09 August 2011

Wrocław's Bridges: 14. Zwierzyniecki Bridge

The most striking feature of Most Zwierzyniecki is the overhead bracing which connects its twin truss arches.

The bridge was completed in 1897 (replacing a two span timber bridge) but according to Wiesław Jurewicz, it was modified in 1910 "due to the hazardous vibration of the arch girders". That may account for the presence of just so much overhead bracing, which functions both as X-bracing in plan, and portal bracing in cross-section.

The bridge was designed by Karl Klimm, A Fruhwirth, and Richard Plüddemann. It spans approximately 60m and is 12.5m wide between the truss centrelines, 21.8m wide in total. It carries a highway and tramway across a side channel of the River Oder, in the vicinity of Wrocław's Zoo and Centennial Hall. An earlier span was reportedly called the Paßbrücke because it formed a checkpoint at the city limites.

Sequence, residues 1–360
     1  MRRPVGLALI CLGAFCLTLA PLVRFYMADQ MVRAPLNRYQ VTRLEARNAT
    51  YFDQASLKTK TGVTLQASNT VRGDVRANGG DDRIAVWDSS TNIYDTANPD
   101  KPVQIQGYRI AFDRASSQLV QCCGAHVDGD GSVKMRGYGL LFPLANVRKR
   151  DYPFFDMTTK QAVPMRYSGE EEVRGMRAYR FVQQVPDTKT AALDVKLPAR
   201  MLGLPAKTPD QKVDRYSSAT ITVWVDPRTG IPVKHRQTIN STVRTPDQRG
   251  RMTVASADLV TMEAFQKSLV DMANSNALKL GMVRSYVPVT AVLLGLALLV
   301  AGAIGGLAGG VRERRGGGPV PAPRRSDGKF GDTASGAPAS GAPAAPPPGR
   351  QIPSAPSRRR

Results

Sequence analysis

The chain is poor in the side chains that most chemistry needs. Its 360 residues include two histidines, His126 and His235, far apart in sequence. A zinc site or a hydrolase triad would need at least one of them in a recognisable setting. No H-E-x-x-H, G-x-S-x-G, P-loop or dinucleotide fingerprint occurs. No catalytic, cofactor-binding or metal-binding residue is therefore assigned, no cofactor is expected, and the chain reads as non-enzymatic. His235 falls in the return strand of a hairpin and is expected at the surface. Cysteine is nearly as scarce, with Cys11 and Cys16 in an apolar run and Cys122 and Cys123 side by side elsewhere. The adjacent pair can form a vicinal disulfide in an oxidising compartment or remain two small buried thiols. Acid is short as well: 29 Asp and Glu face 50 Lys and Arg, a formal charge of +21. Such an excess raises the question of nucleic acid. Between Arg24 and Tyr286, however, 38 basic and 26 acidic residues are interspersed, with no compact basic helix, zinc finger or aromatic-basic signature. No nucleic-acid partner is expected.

The main arch trusses have more than a hint of the later Hell Gate Bridge or Sydney Harbour Bridge about them. The upper chord is essentially a stiffening rather than primary load-bearing element, terminating in mid-air vertically above the lower-chord springing. This is disguised by the presence of decorative sandstone obelisks at each corner, just as the same effect is disguised by monumental abutments on the two larger and better know spans.

The yellow-gold colouring on the bridge's metalwork, and the intricacies of the truss and overhead bracing, put me in mind of a gilded cage, where the structure is as much as a shelter as a means of support for the floor.

You couldn't build a bridge quite like this today. Quite apart from the cost of the heavily laced metalwork, the hanger bars are unprotected against impact from traffic. While it's acceptable to design a bridge for the possibility of loss of a single hanger, this bridge clearly suffers from the potential for multiple hangers to be lost in a single incident.

Technicalities aside, I found Zwierzyniecki Bridge to be a lovely bridge, with a great deal of antique charm.

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